I wrote many series, some as short as two books (the Archangel twin books), others as long as eight novels (like the CURSE OF THE LOST ISLE, based on Celtic legends). New authors, and sometimes readers, ask me how long a series should be. There is no universal answer to that question. A series, like a book, should be as long as needed to tell the whole story.
The number of books also depends upon the characters.
If they are the same characters throughout the series, is each novel a continuation of the previous book? The author cannot hold the reader without resolution indefinitely. That is how some TV series that started strong lost their momentum when the writers dragged the story too long before offering some kind of explanation or resolution.
On the other hand, if each novel is a complete story, the series can go on much longer. A few authors have successfully published dozens of novels in the same series that way, some were later adapted for TV series, like Tess Gerritsen’s Rizzoli & Isles. Harry Potter also comes to mind, but as it features children, and children do grow up, that series was limited from the start. As for characters like James Bond, they can probably go forever with many different incarnations as each generation gives it a different twist.
Sometimes, each book come with its own set of fresh characters, in the same setting, with a link to the previous and future books. That’s the case for my CHRONICLES OF KASSOUK series, where each book is an independent story with a different hero and heroine. The six novels are set on the same planet, a few centuries apart. For those reading them in the right order, they get to see the evolution of a group of marooned human settlers into a fully grown society, with its particular culture, facing ups and downs, struggling for their independence and for their rights, amid defeats and victories, until the series comes full circle in its unexpected but logical ending.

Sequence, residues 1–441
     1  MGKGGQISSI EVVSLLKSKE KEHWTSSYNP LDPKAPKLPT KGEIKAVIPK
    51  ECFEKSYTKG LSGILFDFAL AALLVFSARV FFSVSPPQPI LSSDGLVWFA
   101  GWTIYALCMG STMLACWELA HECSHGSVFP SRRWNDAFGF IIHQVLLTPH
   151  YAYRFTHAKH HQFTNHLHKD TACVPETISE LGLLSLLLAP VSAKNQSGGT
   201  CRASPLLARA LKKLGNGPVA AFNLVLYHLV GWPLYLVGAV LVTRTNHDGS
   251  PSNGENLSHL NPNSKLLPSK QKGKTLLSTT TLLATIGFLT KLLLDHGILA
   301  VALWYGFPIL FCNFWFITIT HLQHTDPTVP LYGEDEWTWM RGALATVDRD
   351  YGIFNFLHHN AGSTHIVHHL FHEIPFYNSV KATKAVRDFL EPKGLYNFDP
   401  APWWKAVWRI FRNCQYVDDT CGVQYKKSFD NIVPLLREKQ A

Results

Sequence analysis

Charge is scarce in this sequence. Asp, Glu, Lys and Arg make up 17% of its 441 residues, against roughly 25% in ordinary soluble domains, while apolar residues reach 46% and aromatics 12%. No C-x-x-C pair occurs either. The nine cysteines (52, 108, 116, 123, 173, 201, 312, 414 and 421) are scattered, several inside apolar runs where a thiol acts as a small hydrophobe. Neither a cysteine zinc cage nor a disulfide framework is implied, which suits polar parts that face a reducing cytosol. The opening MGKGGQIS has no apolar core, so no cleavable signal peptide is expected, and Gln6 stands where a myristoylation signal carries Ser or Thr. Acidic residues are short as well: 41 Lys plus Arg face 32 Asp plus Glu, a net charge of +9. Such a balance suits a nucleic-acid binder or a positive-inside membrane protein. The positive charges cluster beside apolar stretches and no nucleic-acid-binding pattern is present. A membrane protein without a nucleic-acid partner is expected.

My longest series (eight novels) is The CURSE OF THE LOST ISLE, based on Celtic legends. Since my ladies are immortal (related to Morgan the Fay), they reappear in different times in history. The first two books tell the story of Pressine the Fay. In book two, she has three daughters, subsequently featured in the following books. Melusine the Fay has four books, as she appears in different places at different times in history (books 3-4-5-8). Her sisters, Palatina (book 6) and Meliora (Book 7) each have one story to tell, so they only have one novel.
Another technique is to write shorter series, related to each other. Three books is considered a happy number for a series. Easier to commit to for the reader. Some readers also like to only read series that are complete, as they do not want to wait until next year for the next book. The reader who enjoys a three-book series, will likely pick up the next series set in the same world they enjoyed the first time, like the Star Wars universe.
This is the case for my BYZANTIUM series and AZURA CHRONICLES, set in the same universe with a few crossover characters. Byzantium is a space station, and Azura is a planet, existing in the same universe at the same time.
Most of my series novels are standalones, and the reader can pick up any book and thoroughly enjoy it without missing anything. Then he/she can go back and enjoy the other books as well, even if not read in the chronological order. But if you are like me, you’ll want to read them in the right order to fully appreciate the arc of the bigger story behind the novels.
On that note the first book in each of my series is currently discounted to $1.49 in kindle on amazon.
Enjoy the discounted reads! amazon